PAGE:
Morales' acquisition made Okajima expendable. The 35-year-old left-hander, who had been nontendered by the Sox last December but signed a minor league contract to return late in the winter, had appeared in just seven games this season for the Sox after starting the season in Pawtucket, pitching 8 1/3 innings. He had pitched just once since May 4, as Red Sox manager Terry Francona turned to Matt Albers for regular use and also began spotting Rich Hill since his call-up from Pawtucket.

Okajima Having re-signed with Boston during the offseason, it is disappointing that this is happening, but signing here was not a mistake. I am very grateful to the opportunity the Red Sox have given me over five years.

-- Red Sox reliever Hideki Okajima

"We weren't using Oki all that much the way that things evolved lately,'' Epstein said. "Morales is someone with significant upside. If we can get him to repeat his delivery and throw strikes, he can be tough to hit. He's going to take that second lefty spot and see if we can get some results.''

Hill's performance -- he has yet to allow a run in four appearances spanning 4 2/3 innings, has allowed just two hits and walked one while striking out six -- freed the Sox to make the move with Okajima.

"Rich has been throwing the ball well all year down in Pawtucket and got off to a nice start here,'' Epstein said. "He's certainly someone who matches up well against left-handed hitters. That second spot, not that we're experimenting with it, but it gives us a chance to capture some upside there that makes some sense for us.''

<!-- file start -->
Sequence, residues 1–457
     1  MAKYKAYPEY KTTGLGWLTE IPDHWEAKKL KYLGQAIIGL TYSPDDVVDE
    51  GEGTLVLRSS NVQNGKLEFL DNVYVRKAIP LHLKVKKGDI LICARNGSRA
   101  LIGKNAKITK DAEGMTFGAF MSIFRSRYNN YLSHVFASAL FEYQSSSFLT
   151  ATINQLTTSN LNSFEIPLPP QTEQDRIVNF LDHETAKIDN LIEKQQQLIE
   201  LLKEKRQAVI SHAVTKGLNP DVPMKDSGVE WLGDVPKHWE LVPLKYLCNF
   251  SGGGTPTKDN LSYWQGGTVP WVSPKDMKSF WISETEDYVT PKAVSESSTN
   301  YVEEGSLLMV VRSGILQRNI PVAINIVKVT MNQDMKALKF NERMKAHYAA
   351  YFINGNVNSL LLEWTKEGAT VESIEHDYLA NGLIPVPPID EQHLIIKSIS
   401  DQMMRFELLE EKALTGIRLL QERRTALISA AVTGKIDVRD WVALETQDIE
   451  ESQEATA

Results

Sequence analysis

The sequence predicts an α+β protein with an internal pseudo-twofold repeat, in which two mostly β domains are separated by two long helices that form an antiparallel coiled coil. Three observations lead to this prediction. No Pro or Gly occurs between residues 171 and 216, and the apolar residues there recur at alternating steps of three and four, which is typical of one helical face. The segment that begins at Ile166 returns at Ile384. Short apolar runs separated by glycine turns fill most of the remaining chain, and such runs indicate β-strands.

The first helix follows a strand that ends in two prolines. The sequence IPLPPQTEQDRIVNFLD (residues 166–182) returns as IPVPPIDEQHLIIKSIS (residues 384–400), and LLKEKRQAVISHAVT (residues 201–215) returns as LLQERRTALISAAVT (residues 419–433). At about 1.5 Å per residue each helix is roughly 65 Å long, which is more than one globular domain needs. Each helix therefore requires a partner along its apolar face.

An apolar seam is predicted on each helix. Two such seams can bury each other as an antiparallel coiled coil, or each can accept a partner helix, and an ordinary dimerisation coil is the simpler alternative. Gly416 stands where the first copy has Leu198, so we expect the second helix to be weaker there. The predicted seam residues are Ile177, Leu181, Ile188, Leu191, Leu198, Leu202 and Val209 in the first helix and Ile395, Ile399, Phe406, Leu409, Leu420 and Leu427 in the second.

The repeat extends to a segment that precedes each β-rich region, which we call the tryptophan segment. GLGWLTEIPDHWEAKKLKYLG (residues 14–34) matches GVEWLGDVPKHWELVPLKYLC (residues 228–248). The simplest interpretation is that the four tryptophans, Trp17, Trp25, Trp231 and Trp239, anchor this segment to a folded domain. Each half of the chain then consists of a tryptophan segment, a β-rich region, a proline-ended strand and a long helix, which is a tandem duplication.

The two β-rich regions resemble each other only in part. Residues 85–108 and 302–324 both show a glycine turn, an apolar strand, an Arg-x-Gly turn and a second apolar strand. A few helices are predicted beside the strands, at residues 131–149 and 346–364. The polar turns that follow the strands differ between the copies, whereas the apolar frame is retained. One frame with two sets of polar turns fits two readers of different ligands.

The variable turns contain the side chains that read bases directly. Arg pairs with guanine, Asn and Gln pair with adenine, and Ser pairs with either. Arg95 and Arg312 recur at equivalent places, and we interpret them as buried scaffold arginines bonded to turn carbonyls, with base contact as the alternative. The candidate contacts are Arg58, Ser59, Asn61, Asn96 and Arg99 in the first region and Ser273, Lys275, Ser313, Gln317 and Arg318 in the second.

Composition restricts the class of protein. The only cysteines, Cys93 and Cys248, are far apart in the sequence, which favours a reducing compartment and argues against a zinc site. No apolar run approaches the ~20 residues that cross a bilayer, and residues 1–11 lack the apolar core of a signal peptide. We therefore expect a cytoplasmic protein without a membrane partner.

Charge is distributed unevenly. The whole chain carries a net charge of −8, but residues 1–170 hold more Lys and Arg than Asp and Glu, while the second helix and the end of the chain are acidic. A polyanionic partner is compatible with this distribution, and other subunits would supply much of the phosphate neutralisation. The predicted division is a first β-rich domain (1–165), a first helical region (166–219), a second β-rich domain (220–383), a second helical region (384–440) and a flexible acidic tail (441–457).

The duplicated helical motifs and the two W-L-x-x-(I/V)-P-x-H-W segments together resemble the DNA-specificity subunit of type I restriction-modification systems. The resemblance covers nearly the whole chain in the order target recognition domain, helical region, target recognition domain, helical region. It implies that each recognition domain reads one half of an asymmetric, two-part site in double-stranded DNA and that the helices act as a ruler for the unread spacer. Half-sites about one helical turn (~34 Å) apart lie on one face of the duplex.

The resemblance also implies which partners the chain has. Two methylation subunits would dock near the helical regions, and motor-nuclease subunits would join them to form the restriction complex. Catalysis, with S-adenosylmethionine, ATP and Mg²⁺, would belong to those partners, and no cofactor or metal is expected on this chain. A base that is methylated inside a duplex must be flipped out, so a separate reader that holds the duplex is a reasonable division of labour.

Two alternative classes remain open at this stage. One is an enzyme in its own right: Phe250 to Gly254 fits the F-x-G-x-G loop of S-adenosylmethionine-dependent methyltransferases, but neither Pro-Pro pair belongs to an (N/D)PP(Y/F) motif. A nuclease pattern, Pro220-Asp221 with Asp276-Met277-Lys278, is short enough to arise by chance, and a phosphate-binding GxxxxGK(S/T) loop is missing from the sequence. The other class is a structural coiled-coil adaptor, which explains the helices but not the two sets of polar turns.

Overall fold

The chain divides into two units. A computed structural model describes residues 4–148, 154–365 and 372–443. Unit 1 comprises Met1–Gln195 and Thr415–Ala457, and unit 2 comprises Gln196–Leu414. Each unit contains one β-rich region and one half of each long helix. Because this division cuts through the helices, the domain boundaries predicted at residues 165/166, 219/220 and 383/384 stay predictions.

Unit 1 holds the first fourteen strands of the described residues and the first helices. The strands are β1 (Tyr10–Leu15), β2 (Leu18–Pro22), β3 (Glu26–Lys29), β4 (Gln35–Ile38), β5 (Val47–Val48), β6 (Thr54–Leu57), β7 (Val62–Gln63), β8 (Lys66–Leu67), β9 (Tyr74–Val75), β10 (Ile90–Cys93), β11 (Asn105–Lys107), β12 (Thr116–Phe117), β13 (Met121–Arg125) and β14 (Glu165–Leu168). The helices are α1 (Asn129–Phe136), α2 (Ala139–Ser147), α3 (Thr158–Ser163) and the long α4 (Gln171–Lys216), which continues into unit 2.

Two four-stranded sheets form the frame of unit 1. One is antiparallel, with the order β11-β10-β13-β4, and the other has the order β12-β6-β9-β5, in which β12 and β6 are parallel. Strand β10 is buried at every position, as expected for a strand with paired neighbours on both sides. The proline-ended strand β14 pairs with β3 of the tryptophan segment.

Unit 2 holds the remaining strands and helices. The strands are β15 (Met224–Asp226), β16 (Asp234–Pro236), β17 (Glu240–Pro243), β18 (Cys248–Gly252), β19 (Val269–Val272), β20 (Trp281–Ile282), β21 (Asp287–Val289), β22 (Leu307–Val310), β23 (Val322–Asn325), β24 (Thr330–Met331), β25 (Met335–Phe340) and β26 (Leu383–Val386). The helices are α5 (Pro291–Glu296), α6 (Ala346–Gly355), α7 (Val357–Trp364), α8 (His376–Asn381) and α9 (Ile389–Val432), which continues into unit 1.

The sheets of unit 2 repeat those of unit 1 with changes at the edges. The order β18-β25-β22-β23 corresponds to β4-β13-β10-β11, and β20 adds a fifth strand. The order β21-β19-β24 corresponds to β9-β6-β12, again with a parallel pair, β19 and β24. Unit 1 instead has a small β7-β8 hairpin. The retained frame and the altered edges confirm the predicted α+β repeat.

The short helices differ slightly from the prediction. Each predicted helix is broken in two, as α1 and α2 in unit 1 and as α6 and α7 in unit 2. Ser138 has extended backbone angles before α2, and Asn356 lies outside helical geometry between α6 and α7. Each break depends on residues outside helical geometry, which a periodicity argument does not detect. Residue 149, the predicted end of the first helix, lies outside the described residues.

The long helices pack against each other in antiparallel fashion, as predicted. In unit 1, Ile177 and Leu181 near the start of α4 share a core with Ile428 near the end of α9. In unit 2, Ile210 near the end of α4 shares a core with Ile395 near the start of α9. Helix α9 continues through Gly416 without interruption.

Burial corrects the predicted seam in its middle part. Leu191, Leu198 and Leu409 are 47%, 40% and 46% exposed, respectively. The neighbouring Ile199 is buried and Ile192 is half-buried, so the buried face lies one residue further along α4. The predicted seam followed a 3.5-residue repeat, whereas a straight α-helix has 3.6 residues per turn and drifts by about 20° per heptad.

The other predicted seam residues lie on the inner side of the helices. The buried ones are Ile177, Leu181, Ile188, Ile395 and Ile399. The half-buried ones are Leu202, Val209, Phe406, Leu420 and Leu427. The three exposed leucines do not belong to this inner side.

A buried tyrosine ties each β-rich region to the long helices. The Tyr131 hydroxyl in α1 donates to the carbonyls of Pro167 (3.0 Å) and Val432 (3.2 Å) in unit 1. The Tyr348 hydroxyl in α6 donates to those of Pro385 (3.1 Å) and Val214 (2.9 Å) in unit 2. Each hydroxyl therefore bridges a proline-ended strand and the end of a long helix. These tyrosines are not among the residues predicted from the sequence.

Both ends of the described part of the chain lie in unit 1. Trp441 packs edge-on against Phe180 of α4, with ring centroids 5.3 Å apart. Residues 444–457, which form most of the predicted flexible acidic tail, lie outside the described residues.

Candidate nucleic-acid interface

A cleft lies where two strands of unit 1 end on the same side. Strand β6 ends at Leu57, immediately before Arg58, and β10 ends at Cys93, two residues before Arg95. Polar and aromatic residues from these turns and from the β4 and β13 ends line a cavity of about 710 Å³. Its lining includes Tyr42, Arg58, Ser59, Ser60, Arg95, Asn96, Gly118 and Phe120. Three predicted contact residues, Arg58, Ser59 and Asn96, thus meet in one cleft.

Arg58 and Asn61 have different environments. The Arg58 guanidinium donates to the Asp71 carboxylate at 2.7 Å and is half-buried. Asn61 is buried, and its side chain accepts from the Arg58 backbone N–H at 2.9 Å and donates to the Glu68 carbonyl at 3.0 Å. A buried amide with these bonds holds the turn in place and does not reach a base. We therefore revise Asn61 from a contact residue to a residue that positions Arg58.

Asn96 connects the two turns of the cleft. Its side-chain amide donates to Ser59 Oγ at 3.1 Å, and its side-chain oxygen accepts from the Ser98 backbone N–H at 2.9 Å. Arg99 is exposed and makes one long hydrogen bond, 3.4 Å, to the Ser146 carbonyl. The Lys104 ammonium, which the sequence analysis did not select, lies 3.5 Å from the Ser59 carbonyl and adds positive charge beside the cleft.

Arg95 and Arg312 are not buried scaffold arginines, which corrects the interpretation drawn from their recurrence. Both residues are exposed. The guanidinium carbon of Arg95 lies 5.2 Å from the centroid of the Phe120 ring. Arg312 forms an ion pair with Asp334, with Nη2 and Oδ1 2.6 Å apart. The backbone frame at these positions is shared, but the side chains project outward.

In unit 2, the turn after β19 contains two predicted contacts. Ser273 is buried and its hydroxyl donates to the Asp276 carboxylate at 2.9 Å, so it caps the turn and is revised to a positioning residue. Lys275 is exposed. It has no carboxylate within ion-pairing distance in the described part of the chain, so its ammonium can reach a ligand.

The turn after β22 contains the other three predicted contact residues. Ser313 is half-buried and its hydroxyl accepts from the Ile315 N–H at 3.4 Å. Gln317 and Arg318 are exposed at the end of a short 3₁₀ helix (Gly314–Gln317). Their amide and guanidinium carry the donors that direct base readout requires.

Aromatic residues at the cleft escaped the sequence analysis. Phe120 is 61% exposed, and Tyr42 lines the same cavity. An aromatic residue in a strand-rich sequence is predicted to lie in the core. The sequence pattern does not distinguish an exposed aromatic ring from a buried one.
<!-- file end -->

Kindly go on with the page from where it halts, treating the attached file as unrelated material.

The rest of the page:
The Sox still have left-hander Felix Doubront, who performed in that role for a period of time last season, but he is currently on the disabled list with Triple-A Pawtucket because of a strained groin.

Epstein also confirmed the signing of the 36-year-old Millwood to a minor-league deal, contingent on his passing a physical.

"He'll start out in Fort Myers and throw a couple of sides before he goes to Pawtucket,'' Epstein said.

The Yankees signed Millwood late in spring training to a minor league deal, one that allowed him to opt out if they didn't add him to the big league roster by May 1. Millwood, who could have made as much as $1.5 million if the Yankees had summoned him, exercised that opt-out after making four minor league starts (4.50 ERA) and was sitting at home.